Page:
You must be wondering why I am so upset with the Congress, a party I have fought for passionately, relentlessly during its most difficult years. There is a reason. I accidentally met a distinguished woman late last year who seemed distressed at the blatant segregationist, discordant politics prevalent in our country. While empathising with her despondency, I put the entire blame on BJP and PM Narendra Modi. Her reply had unalloyed raging frustration: “BJP is doing what it wants to do, Mr Jha. But are you? Congress is an equal co-conspirator in the destruction of the Idea of India.”
When I met you the first time, I thought you would be the cool dude of Indian politics. A real game-changer. There were moments you were. When you introduced US-style primaries in Bengaluru in 2014 for Lok Sabha candidate selection, many of us welcomed your audacious transformational initiative. Sadly, it was junked after a fleeting trial. It is this inability to steadfastly sustain your big ideas that has allowed your innumerable critics to target you. It is not too late, however, to introduce organisational reforms. For the Congress president elections due early 2021, why can’t Congress have a Rahul Gandhi vs Shashi Tharoor vs Sachin Pilot vs Whoever in several publicised TV debates on their vision not just for the Congress, but for India? Trust me, this is not some urban armchair utopianism. It will capture public imagination and force a transparent mechanism into AICC processes. At one stroke, you can obliterate the torturous baggage of your dynasty hangover. The Congress needs a spectacular metamorphosis. The time for superficial incrementalism is long over. Right now the Congress is like a fuddy-duddy organisation awaiting pension cheques.
You will agree that the Congress has performed abysmally, barring sporadic exceptions. We govern in just four states and are a sub-junior partner in two coalition governments. If you were an ordinary Congress worker, who would you hold responsible for this oceanic mess? “The buck stops here”, message stood on US President Harry Truman’s desk. No leader is an exception to that aphorism. Your decision to resign taking moral responsibility for the 2019 Lok Sabha defeat was applauded by all. If you had just ensured a seamless transition to a full-time successor, our current predicament would have never happened. Recent electoral reverses establish that this rudderless drift has damaged the Congress.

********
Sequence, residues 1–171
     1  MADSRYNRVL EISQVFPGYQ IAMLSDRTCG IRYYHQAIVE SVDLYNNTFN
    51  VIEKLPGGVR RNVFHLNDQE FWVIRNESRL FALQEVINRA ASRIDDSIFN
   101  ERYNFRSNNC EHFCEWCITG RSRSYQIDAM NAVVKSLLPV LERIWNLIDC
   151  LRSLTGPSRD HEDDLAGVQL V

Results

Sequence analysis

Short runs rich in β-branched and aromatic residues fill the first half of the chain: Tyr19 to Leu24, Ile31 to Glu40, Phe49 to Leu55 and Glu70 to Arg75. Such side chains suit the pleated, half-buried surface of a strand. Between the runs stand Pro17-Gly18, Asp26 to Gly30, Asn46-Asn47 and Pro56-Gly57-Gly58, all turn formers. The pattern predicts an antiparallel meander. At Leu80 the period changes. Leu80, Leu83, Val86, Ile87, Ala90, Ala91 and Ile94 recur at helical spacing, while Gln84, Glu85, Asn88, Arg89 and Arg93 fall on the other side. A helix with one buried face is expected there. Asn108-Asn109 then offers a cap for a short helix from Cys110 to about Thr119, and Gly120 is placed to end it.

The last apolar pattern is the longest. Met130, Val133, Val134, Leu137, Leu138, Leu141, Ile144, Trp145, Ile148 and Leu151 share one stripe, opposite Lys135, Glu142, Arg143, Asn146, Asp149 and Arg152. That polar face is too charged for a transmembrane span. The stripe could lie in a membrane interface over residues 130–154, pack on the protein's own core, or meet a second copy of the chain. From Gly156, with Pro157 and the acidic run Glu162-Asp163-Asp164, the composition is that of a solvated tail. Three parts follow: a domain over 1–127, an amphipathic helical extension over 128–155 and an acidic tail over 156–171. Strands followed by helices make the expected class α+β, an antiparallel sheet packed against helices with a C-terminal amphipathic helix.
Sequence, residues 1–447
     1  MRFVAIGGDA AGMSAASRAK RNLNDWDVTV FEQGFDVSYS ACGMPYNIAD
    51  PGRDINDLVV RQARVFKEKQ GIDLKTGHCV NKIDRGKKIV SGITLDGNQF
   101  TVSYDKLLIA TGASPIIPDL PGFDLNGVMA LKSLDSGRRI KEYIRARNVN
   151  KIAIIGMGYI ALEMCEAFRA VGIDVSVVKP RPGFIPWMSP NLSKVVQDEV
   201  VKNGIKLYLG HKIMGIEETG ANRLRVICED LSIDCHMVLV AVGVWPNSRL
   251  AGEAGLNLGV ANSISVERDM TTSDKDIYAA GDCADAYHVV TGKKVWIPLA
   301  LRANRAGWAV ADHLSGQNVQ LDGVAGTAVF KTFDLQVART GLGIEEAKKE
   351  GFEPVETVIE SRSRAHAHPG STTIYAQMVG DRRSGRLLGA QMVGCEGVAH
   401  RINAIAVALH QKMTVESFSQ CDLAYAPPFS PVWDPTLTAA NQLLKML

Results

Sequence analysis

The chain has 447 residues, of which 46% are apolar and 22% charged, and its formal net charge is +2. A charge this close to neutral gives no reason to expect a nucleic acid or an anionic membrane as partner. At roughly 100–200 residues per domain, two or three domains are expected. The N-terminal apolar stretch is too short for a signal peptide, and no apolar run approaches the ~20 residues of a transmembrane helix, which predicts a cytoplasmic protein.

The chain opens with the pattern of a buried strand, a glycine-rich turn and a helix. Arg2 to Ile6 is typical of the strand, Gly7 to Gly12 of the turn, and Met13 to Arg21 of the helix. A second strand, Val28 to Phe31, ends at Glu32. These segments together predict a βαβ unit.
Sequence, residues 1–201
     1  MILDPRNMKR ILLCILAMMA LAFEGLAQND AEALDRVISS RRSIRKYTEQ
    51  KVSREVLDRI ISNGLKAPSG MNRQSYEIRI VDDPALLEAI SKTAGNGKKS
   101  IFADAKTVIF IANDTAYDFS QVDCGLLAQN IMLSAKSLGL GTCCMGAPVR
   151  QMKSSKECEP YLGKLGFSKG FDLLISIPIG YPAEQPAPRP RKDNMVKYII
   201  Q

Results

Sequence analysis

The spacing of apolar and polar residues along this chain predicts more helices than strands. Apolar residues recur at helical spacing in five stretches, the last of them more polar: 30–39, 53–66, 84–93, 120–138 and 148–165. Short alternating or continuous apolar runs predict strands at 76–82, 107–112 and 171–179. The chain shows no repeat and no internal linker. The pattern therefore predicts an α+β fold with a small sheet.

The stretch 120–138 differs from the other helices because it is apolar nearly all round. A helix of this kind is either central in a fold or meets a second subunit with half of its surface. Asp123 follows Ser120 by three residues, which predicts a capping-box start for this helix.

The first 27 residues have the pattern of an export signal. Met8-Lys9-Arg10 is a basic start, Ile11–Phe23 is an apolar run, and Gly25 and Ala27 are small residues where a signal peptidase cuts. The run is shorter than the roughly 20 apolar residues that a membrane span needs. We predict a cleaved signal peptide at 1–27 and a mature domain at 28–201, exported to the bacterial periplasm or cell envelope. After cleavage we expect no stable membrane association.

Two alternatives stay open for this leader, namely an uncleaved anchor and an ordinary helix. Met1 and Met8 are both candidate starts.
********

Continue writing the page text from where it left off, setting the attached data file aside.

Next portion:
I remember at an All India Professionals Congress event in Delhi, you talked extensively on the “pakad” factor that you believe is the prerequisite for an election ticket. Pakad in layman’s language would mean local popularity and strong grassroots hold. Everyone concurred with that compelling argument. But Congress has unfortunately redefined pakad to mean access to huge financial resources and massive muscle-power. As a result, perhaps many deserving Congress candidates are excluded. That is why Congress state legislators are easily seduced by BJP’s Operation Lotus. The party of Nehru and Gandhi now is flooded with transactional deal-makers. Ideological commitment? What is that?
Power is poison, you once said quoting Henry Brooks Adams. But if Congress is to protect, propagate its inclusive ideology, it will have to win power. We need to recapture public trust. Worse, we seem happily reconciled to our dissipating footprint in Indian politics. We owe it to India to be the bodyguard of India’s intrinsic liberal democratic society. But reclaiming India is a gigantic task. It will help to change our own claustrophobic work culture too. Asking tough questions of the senior leadership, for instance, is considered blasphemous. Feroze Gandhi, your grandfather, took on your great grandfather Pandit Jawaharlal Nehru in Parliament on corruption allegations against the finance minister. The latter was forced to resign. That is the Congress I signed up for. In my forthcoming book The Great Unravelling: India After 2014, I have raised questions on our Alice in Wonderland approach. My publishers are convinced that I will be expelled.
You might wish to take a leaf from Sachin Tendulkar’s book. He gave up the thorny crown of leadership of the Men in Blue but remained the team’s sheet-anchor and biggest draw throughout his career. Under a new skipper Sourav Ganguly, Indian cricket blossomed. Ultimately, Sachin fulfilled his cherished dream of winning a World Cup under M S Dhoni, eight years his junior. Change is like a chocolate cake, it is a good thing.
Dynasty has now become unfashionable; a young, aspirational India treats entitled successors as arrivistes. There is a visible pushback to those who have a free pass. A former boss once told me that a good leader surrounds himself with people who give him the bad news first. Not those who are unfollowing Barack Obama on social media and tagging you to demonstrate their fidelity. Leadership is never easy. In calm waters every ship has a great captain; it’s in a storm that one’s mettle is tested.
Good luck, Rahul. I remain your well-wisher always. And a devout Congressman.
Views expressed above are the author’s own.
Views expressed above are the author’s own.
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